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Endocr Pathol. 2007 Spring;18(1):46-52.

Acromegaly secondary to growth hormone-releasing hormone secreted by an incidentally discovered pheochromocytoma.

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  • 1Endocrinology Section, Hospital Universitário Clementino Fraga Filho, Universidade Federal do Rio de Janeiro, Rio de Janeiro, Brazil.


Ectopic growth hormone-releasing hormone (GHRH)-secreting tumors are rare and cause acromegaly with somatotroph hyperplasia. We report a case of acromegaly secondary to GHRH secretion by an incidentally discovered pheochromocytoma in a normotensive patient. A 23-year-old man presented with signs and symptoms of acromegaly. Laboratory evaluation confirmed the diagnosis and magnetic resonance imaging (MRI) revealed a sellar mass which was thought to be a macroadenoma and surgically resected. The patient was not cured and medical treatment was indicated. An abdominal ultrasound performed before initiation of medical treatment showed a solid/cystic lesion superiorly to the right kidney. An abdominal MRI confirmed an adrenal tumor. Hormonal workup of the adrenal incidentaloma revealed elevated urinary catecholamine and total metanephrines findings strongly suggestive of a pheochromocytoma. Acromegaly was then suspected to be due to ectopic secretion of GHRH by the tumor. Patient underwent surgical resection and histopathologic examination confirmed a pheochromocytoma which stained positively for GHRH. Also, review of the pituitary specimen confirmed somatotrophic hyperplasia. Genetic analysis of the ret proto-oncogene showed no mutation. Pituitary MRI was repeated 10 months after pheochromocytoma resection and revealed a slightly enlarged pituitary and partial empty sella. The diagnosis of acromegaly caused by ectopic production of GHRH is a challenging task. A careful histopathological examination of the surgically excised pituitary tissue has a key role to arouse the suspicion and guide the investigation of a secondary cause of acromegaly.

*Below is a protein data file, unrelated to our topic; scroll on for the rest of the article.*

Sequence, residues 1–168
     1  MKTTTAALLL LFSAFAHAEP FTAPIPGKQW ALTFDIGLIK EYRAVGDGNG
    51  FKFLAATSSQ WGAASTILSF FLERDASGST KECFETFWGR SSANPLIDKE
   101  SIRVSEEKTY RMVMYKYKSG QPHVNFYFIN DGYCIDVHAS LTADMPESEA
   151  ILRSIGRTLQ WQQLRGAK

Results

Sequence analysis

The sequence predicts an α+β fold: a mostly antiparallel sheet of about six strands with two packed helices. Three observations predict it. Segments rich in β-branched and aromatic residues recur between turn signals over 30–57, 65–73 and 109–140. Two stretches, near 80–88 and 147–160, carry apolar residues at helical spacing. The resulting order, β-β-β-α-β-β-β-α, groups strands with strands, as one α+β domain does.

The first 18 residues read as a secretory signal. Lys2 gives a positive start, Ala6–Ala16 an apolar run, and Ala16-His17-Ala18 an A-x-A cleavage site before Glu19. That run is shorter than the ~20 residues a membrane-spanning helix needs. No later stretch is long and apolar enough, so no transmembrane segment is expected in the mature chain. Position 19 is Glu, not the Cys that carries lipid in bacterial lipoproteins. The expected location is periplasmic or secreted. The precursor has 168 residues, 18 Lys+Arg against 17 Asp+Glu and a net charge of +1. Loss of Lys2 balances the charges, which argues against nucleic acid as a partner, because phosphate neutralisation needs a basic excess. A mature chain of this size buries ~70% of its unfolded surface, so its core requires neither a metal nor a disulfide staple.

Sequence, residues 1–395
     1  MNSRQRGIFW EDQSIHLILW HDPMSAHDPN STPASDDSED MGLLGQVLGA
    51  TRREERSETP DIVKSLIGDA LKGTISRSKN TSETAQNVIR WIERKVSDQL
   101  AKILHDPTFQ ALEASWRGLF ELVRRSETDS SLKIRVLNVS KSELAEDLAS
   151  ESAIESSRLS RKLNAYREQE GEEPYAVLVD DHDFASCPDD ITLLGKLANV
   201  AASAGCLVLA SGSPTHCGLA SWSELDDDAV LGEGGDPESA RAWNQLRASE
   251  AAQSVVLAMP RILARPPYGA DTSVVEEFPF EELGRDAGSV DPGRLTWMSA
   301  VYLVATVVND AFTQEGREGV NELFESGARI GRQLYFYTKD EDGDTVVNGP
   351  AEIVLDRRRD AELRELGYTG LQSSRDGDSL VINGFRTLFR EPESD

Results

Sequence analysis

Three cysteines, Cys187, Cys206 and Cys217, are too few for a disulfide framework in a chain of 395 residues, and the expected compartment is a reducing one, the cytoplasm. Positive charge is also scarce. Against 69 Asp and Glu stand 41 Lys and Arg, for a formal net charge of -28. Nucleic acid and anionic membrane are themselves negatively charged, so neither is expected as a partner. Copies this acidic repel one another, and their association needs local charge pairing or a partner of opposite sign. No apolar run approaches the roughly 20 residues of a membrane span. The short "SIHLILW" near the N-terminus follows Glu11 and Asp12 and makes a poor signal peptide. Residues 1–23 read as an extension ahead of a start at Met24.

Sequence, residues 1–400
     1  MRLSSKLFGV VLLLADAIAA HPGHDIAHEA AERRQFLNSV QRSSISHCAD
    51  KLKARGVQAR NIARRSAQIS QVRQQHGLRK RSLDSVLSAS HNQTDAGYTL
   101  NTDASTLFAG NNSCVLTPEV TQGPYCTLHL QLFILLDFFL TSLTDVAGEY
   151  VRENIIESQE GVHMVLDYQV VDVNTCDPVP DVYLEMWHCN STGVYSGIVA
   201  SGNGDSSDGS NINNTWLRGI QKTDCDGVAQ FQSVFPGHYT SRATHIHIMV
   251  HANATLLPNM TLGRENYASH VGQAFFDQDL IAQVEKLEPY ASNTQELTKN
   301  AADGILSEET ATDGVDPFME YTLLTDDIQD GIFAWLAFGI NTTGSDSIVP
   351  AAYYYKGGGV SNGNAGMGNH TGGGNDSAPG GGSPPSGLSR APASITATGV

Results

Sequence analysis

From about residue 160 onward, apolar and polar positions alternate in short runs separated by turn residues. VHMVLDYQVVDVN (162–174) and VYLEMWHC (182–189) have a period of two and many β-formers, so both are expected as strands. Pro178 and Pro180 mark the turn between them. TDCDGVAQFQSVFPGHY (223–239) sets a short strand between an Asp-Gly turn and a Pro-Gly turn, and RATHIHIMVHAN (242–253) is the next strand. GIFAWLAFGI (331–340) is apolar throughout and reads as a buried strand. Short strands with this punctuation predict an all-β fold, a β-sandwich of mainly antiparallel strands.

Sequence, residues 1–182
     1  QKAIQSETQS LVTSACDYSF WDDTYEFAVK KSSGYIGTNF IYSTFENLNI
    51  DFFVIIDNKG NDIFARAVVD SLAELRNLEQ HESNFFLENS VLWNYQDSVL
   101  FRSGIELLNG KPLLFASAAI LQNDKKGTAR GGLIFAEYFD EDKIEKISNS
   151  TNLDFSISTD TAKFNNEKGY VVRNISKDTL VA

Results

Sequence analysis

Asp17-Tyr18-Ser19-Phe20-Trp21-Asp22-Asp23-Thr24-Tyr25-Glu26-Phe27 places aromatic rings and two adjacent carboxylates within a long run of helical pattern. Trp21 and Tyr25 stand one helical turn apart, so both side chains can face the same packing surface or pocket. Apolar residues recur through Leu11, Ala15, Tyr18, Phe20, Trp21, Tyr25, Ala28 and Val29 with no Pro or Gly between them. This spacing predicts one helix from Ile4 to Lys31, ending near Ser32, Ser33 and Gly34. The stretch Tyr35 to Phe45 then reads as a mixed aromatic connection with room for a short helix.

[PubMed - indexed for MEDLINE]
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